The NEA is a 501©(5) tax-exempt entity, meaning that any money it spends for such political purposes must have taxes paid on it. The NEA in past years has claimed for tax purposes that it spends little or nothing on politics, when in fact it is among the biggest political spenders in America, and this has sparked controversy.

    How powerful is the NEA? After President Jimmy Carter, to thank the union for electing him President in 1976, created the Department of Education, one NEA executive boasted that this was the only union in the country with its own cabinet department. At recent Democratic National Conventions, up to a quarter of the delegates are members of teachers unions. When the NEA talks, the Democratic Party listens.

    The NEA has spent many, many millions to attack and defeat school voucher initiatives around the country. The reason is clear. If the Great Wall of Monopoly around socialist public schools is opened so that poor and middle-class parents can in effect get their tax money back, millions of parents will move their children to private schools.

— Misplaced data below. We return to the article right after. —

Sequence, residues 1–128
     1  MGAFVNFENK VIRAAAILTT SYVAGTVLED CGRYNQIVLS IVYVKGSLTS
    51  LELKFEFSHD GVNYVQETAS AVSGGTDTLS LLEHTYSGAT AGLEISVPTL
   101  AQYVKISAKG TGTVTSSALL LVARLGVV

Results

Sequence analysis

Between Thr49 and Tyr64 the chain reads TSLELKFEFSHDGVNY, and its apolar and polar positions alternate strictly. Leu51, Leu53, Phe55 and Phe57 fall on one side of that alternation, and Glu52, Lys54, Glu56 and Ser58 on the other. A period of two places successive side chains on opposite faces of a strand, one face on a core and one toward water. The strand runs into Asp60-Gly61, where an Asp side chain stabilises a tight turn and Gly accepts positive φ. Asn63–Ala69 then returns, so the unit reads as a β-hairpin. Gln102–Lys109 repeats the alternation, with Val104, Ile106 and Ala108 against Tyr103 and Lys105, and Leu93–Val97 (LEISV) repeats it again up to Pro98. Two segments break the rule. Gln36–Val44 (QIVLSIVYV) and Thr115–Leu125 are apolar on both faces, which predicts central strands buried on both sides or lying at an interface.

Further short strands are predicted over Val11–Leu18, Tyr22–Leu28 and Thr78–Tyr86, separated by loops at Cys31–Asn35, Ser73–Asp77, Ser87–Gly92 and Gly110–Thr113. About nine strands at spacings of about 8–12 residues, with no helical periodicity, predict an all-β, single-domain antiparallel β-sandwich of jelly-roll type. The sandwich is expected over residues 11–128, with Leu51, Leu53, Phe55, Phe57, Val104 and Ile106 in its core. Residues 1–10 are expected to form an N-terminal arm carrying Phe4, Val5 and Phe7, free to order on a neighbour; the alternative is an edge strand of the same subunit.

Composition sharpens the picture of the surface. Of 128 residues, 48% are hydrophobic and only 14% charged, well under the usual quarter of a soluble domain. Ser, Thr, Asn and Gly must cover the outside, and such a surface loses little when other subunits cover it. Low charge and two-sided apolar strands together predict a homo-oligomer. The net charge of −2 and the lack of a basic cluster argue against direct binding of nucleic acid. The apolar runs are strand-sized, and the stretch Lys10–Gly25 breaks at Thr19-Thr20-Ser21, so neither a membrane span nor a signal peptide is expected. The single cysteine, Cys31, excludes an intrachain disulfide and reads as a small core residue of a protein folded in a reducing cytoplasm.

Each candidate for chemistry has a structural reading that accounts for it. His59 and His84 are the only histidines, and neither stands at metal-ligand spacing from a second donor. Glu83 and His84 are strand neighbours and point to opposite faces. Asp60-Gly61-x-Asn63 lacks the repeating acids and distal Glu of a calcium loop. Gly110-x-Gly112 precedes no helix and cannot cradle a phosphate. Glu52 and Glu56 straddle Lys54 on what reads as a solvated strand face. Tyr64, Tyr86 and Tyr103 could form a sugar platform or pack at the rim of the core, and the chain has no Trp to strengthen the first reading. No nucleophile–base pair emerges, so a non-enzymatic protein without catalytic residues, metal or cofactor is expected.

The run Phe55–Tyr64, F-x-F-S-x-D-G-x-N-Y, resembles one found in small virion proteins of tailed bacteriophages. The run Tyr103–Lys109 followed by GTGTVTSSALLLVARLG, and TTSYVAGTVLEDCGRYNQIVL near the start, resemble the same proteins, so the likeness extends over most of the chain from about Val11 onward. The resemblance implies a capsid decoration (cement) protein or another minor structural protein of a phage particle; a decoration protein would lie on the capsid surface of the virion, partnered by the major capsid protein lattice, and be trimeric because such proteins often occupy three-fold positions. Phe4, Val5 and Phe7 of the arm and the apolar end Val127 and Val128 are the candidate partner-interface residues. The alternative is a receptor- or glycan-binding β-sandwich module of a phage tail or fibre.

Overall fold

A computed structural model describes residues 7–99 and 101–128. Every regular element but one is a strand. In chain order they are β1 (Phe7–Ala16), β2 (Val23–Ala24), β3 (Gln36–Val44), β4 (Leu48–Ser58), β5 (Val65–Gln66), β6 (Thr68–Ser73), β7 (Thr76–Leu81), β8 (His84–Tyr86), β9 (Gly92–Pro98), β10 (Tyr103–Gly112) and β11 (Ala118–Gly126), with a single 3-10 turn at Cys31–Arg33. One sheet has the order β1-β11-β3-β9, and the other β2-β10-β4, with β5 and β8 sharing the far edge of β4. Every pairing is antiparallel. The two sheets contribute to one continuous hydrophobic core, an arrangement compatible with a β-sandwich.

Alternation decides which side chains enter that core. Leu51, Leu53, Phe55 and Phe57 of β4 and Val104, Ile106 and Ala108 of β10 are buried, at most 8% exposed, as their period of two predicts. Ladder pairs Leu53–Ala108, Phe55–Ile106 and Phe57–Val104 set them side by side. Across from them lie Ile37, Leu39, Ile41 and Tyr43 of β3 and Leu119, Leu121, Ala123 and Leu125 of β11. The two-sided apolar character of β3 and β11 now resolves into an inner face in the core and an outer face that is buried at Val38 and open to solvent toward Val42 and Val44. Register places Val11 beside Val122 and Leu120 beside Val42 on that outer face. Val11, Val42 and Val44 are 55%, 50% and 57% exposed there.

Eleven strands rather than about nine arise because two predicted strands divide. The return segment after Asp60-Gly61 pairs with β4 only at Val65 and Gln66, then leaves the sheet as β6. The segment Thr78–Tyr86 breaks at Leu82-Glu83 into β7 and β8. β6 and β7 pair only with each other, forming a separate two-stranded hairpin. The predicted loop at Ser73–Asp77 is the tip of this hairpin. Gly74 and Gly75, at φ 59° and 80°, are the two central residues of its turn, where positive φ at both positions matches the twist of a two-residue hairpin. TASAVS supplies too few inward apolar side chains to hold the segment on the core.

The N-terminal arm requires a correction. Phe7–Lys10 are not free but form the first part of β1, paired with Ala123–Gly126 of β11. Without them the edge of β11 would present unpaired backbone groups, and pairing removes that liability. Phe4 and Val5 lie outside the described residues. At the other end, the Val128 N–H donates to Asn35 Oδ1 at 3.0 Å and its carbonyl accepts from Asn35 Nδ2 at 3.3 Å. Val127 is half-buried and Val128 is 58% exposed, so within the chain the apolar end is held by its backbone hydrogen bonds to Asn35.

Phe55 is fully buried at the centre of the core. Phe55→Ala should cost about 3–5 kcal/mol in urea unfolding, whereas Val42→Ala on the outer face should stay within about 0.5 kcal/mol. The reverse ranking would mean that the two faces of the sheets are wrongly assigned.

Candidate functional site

Helping the NEA wage a propaganda and political war against vouchers and parental choice have been several leftwing groups, including People for the American Way (PAW), its tax-exempt PFAW Foundation, the American Civil Liberties Union (ACLU), and the NAACP and its tax-exempt foundations. Their main targets as well as allies are Democratic lawmakers. Their victims are African-American parents, who polls consistently show are heavily in favor of school vouchers. The NAACP’s response is to offer a 40 page “Plan of Action” for education on its website that calls for lots more government money for public schools, quotes the NEA, but never mentions vouchers or school choice for black parents.